Towards the end of Saturday's Spiritualized gig at Manchester's New Century Hall, the ceiling a mass of coloured lightbulbs and 1960s modernist moulding, the lights from the stage bouncing off the enormous mirrorball and the word Bar illuminated, the sold out venue's crowd were caught between staring at what was going on on stage and looking around the room at the lightshow. One of those moments where you realise you're watching something special take place.
I haven't seen Spiritualized play live for a long time. The current line up has Jason seated at the right hand side of the stage, Fender Jazzmaster in his lap and shades worn all night. Next to him three backing singers, the drummer, bassist, two guitarists and the keyboards/ organ/ synth/ pedal steel player whose contributions underpin a lot of what happens tonight. Most of the songs played are from the last two albums, 2018's And Nothing Hurt and last year's Everything Was Beautiful, a pair of albums that were recorded at the same time and released apart. There are long songs, songs stretching out for seven and more, gradually building, the instruments coming in in layers, reaching huge crescendos. There are moments of hushed, fragile beauty, Jason's weary voice sighing and quiet as pedal steel and bass surround him. At one point towards the end, for several minutes of intro, the loudest sound any of the nine musicians onstage are making is the synchronised fingersnaps of the three backing vocalists, the almost ambient backdrop punctuated at the end of each bar with a crisp click.
There are moments of loud, three guitar psychedelic/ showgaze rock, an explosive sound filling the room. The second song tonight, She Kissed Me (And It Felt Like A Hit), is a lurching blast of garage rock. Let It Bleed (Song For Iggy) was full on, Detroit rock transformed by the nine piece band. Jason deals in the classic lineage of underground rock, the sounds, the chords and the lyrics of those bands and songs. At times Spiritualized can play like a very well polished garage, expansive garage band or bar band. At times, when the sounds are swelling and all the musicians are all playing in unison, it's like an amped up Elvis in Vegas band, Jason's voice the human, vulnerable element at the centre as he whispers and croons about souls on fire, the best thing you never had, being your man and shining lights.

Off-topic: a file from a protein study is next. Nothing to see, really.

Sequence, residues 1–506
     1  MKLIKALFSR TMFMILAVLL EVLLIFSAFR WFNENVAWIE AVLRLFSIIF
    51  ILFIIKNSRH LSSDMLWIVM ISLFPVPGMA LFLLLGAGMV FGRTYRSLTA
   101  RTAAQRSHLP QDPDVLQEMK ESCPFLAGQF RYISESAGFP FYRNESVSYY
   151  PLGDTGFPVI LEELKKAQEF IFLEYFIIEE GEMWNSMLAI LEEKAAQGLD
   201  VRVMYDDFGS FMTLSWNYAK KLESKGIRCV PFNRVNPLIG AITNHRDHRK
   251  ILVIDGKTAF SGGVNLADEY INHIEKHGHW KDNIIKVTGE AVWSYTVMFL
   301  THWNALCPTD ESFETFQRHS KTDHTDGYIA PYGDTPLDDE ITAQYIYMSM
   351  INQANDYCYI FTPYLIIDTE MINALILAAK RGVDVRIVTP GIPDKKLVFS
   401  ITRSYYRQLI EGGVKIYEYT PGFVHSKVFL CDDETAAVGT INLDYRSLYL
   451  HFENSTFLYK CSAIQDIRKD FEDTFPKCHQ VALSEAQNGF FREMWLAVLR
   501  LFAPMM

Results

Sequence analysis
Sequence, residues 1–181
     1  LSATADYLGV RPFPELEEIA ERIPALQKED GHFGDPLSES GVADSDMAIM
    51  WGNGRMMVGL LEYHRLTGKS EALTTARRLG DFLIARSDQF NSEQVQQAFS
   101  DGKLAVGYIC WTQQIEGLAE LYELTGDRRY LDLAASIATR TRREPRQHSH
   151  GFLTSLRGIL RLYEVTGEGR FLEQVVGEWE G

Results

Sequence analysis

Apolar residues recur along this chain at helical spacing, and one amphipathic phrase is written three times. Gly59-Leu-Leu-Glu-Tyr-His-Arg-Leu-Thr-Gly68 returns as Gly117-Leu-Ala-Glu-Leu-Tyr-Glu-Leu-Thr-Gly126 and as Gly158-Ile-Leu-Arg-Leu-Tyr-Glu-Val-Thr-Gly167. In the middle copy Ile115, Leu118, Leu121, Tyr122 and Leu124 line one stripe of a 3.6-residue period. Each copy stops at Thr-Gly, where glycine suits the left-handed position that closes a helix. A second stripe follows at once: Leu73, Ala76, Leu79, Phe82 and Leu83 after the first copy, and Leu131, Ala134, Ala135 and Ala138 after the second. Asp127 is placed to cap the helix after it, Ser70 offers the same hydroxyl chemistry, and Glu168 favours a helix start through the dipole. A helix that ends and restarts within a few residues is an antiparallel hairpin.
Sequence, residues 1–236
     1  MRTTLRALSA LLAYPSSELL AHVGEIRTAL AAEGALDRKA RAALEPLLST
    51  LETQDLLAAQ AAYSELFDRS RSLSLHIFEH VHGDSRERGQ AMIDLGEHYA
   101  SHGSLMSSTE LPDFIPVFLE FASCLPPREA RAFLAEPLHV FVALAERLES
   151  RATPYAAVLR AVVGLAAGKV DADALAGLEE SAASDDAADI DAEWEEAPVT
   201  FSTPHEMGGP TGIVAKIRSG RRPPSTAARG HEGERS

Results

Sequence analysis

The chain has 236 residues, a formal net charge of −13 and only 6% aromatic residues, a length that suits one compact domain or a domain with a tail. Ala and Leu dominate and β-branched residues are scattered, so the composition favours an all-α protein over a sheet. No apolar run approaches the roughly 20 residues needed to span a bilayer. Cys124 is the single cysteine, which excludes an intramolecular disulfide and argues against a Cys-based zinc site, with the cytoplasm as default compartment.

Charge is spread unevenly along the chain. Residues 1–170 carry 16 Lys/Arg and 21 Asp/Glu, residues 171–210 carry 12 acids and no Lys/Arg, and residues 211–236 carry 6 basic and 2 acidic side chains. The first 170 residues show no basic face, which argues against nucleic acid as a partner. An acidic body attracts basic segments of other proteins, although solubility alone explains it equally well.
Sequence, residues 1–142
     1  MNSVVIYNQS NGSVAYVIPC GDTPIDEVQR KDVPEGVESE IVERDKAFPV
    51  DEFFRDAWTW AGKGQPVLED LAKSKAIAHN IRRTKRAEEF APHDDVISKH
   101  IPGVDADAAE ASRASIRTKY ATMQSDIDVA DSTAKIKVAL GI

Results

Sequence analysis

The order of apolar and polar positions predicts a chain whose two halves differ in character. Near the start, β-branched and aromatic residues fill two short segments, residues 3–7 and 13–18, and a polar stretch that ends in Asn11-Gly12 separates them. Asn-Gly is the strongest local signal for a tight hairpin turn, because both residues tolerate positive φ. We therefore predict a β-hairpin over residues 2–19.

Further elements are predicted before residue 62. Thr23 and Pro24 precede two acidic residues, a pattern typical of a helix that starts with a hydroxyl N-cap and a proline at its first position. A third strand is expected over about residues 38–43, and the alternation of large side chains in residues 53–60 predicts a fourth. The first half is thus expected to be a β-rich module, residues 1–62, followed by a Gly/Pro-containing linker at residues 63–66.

Always Together With You, currently sound tracking a national lottery advert, is a highlight. The thumping, gliding groove and triple guitar attack of Here It Comes (The Road ) Let's Go is countered by the spectral beauty of Sailing On Through, both songs showing Jason's four decade career of blending garage rock and The Velvet Underground with country, gospel and blues didn't necessarily peak with 1997's Ladies And Gentlemen We Are Floating in Space. The Morning After, from And Nothing Hurt, opens with Velvets guitar, bumping driving bass and Jason's lines about Janey and her problem with the modern world, 1969 Lou Reed transported to 2023. It catches me unawares briefly, the instruments dropping out as Jason sings the line, 'Every mother wants to die before her children do', making me draw a sharp intake of breath. The band re- enter and plough on, everyone getting louder, the rhythm faster and then multiple strobe lights go off for, bright white lights against black space.
The set finishes with Sailing On Through, a short, desperate and delicate song. Jason applauds us and mutters the only words he says to us all night, 'thank you', twice. After a few minutes they return for So Long You Pretty Thing and then Come Together. Come Together is everything about them turned up to the max, a song that grinds into gear, three guitars sounding like thirty, and Jason singing about heroin addiction, Little Johnny, all fucked up, dulling pain and killing joy. It is immense, a garage rock song that sounds the size of a continent, the backing singers piling in on the chorus, 'come on, come together'. Exhilarating, powerful and transcendent music, Spiritualized at the limits.